Screens with high refresh rates aren’t new, but they’re still relatively uncommon. The OnePlus 7 Pro and 7T have it, as do gaming-focused devices like the Razer Phone 2 and the ROG Phone II. Even more uncommon is the Pixel’s ability to automatically change its refresh rate depending on what’s happening on-screen — the Razer Phone 2 is the only other device that works the same way. That approach isn’t just technically clever; it’s also a huge deal when you consider the impact these displays have on battery life. If you really wanted to, you could force the phones to run at 90Hz all the time, but you’re going to kill your battery.
Also new to the Pixels this year is a system Google calls Ambient EQ, which tunes the color temperature of the screen depending on the light around you. Let’s say you’re sitting at home amid warm lights; in that case, the Pixel’s screen would turn slightly yellow to match. Outside, the display would generally take on a cooler cast. Think of it as a more situational kind of Night Shift; rather than changing the screen’s appearance based on time, Ambient EQ changes it to look more natural in any given environment. The effect can be pretty subtle, but then again, that’s the whole point — it’s meant to make everything look more natural — you’re not really supposed to notice it in action.
These displays are largely great, but I do have one serious gripe: They’re not quite bright enough. This became especially apparent when we were shooting our review video. Even under the season’s subdued sunlight, it was sometimes hard to read my notes. It wasn’t just my review units, either. Google confirmed that the screen brightness on both versions of the Pixel 4 top out at 450 nits — that’s not nearly as bright as some of its toughest competitors. Samsung says the Note 10 and 10 Plus’s screens land between 670 and 690 nits, for instance, and Apple’s iPhone 11 Pro hangs out at around 800 unless you’re watching an HDR movie.
Should you avoid the Pixel 4s just because its screens are a little dim? No, but keep in mind that they’re not as great for outdoor use as some of your other options.
When Google unveiled the Pixel 4s, company executives claimed they were designed to allow for more “human” interactions. Sounds great, I guess, but what does that actually mean? Well, in this case, Google’s definition is that you don’t have to be clutching your Pixel to actually use it.
What’s most curious about a Pixel 4 is that it will actually respond when you wave at it. Say hello to Motion Sense, the most interesting thing Google has done with a smartphone in years. The key to Motion Sense lies above the Pixels’ screens — just to the right of the earpiece is a 60GHz ultra-wideband radar sensor called Soli, which shoots radio waves to detect your hands as they hover and dart in front of the phone.
Google’s specific implementation here is fascinating, but the concept of touchless controls is hardly new. Most recently, LG tried it with its flagship G8, and it was, uh, pretty lousy. The time-of-flight sensor the company used struggled to “see” hands unless they were sitting in a sweet spot above the phone, and certain actions, like changing your media volume, required you to remember some silly claw gestures and pray the phone understood them. Not so with Motion Sense. You can change tracks in most media player apps, plus dismiss calls or snooze alarms with a simple swipe left or right through the air. Oh, and when you go to pick up your phone, the Soli radar will see your hand coming and prompt the phone for a Face Unlock since neither Pixel 4 has a fingerprint sensor.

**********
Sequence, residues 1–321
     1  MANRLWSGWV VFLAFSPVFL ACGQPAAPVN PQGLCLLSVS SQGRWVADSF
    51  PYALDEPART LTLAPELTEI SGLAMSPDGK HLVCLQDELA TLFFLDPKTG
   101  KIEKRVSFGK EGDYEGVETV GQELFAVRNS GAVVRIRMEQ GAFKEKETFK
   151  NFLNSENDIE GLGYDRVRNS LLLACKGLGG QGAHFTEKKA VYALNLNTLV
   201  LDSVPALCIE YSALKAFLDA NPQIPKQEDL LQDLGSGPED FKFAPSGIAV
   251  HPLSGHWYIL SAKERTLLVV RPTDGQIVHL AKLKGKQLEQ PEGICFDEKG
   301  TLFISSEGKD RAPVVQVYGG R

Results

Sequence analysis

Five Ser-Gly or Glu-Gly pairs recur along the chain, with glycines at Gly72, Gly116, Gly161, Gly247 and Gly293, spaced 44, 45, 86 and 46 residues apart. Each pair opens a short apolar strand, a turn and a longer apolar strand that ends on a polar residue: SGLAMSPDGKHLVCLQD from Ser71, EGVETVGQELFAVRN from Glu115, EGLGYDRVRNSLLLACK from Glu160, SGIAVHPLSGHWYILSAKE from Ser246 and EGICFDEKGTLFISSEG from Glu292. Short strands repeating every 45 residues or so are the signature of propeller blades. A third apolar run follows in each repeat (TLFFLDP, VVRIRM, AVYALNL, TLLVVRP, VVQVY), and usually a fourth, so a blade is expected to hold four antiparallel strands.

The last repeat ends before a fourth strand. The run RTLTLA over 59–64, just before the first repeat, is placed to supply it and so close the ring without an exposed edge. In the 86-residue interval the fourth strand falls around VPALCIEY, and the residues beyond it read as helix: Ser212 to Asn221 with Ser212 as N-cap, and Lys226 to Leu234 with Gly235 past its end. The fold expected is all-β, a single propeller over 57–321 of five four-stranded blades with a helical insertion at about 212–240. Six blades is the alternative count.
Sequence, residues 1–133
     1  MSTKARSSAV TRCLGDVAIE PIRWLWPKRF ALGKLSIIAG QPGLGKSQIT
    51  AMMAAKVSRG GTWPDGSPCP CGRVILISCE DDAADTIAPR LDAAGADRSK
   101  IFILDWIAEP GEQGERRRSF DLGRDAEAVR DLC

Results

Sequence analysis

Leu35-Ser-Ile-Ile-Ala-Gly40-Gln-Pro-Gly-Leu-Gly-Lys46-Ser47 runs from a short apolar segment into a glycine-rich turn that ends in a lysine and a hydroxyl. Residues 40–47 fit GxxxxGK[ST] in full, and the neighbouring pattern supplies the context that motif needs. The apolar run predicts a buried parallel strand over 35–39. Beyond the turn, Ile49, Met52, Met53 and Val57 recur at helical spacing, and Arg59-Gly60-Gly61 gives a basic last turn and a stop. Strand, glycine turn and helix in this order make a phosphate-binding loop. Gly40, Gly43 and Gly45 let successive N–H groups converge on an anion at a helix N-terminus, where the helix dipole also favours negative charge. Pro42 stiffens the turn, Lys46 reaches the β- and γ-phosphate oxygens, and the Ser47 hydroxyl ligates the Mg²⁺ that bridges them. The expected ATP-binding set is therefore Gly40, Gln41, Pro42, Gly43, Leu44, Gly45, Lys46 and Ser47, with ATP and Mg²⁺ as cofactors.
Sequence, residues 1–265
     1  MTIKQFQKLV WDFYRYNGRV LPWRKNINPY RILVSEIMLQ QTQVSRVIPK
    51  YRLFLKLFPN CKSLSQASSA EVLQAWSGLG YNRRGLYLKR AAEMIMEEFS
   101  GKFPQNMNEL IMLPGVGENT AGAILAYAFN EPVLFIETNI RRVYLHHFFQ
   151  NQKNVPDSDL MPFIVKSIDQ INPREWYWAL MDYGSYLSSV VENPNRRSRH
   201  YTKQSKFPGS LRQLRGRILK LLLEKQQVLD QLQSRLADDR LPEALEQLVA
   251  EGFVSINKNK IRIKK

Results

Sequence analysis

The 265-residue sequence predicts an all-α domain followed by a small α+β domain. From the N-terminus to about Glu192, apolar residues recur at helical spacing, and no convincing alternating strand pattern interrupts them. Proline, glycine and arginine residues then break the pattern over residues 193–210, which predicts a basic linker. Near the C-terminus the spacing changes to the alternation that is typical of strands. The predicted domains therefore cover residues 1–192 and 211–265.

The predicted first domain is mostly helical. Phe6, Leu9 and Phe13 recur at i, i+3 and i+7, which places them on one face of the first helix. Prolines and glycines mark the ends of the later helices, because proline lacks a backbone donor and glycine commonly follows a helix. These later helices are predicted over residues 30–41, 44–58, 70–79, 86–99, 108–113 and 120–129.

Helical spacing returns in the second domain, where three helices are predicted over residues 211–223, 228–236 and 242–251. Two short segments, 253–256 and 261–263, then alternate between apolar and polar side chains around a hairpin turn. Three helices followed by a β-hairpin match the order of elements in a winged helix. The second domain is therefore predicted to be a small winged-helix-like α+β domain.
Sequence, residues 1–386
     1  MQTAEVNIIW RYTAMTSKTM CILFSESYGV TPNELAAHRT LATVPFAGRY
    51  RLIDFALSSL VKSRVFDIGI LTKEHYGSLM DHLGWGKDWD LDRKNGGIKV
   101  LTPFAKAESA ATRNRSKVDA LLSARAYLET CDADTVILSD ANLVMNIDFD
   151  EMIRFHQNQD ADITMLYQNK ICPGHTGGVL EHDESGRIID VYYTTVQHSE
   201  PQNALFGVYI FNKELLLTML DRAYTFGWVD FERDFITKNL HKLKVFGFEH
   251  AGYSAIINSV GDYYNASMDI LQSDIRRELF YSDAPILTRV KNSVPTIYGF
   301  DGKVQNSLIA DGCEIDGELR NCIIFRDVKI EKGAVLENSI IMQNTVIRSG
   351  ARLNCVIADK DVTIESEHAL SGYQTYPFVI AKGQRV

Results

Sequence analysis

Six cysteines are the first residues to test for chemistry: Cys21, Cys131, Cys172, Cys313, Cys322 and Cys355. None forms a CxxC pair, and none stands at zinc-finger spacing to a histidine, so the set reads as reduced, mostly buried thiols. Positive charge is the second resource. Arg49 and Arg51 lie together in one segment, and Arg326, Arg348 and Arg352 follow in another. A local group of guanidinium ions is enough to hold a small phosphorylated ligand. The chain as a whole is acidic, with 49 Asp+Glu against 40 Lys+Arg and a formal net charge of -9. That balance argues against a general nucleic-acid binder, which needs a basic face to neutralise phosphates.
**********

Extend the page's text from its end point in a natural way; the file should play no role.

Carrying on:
There’s more: Google worked with The Pokemon Company on a cute motion-sensitive demo with the Sword and Shield starters, which you can set as a wallpaper (if you don’t mind burning through your battery). The company also partnered with the studio behind Monument Valley on a game where you try to save birds from some poisonous… cloud thing by tracing your finger across the screen and occasionally waving your hand. And, well, that’s about it. Motion Sense doesn’t offer nearly as many actions as the G8’s Z-Camera did, and the actions we did get feel basic.
In fairness to Google, it’s early days for Motion Sense, and I’ve gotten the impression from execs I’ve spoken with that the company is playing the long game here. For now, keeping things simple allows people to get used to these new interactions without feeling overwhelmed. Google plans to solicit feedback from users and developers to get a sense of how Motion Sense should evolve over time. I can get behind that, as long as that evolution involves making Motion Sense less finicky.
Most of the time, as long as you keep your hand between an inch and a foot away from the Pixel’s forehead, the Soli radar responds to correctly. When it happens, these gestures start to feel like the most natural things in the world. Sometimes, though, Motion Sense just doesn’t work. The blob of light at the top of the screen signifying what Soli “sees” just bops around instead of following your hand.
There are ways to mitigate this, like making sure your fingers are spread slightly so Soli can more easily identify your hand, but even that doesn’t solve the problem. Even now, I can never predict if a flick of the wrist in front of the Pixels will actually do what I want on the first try. Because of that, I don’t feel like I can rely on Motion Sense, even though I want to.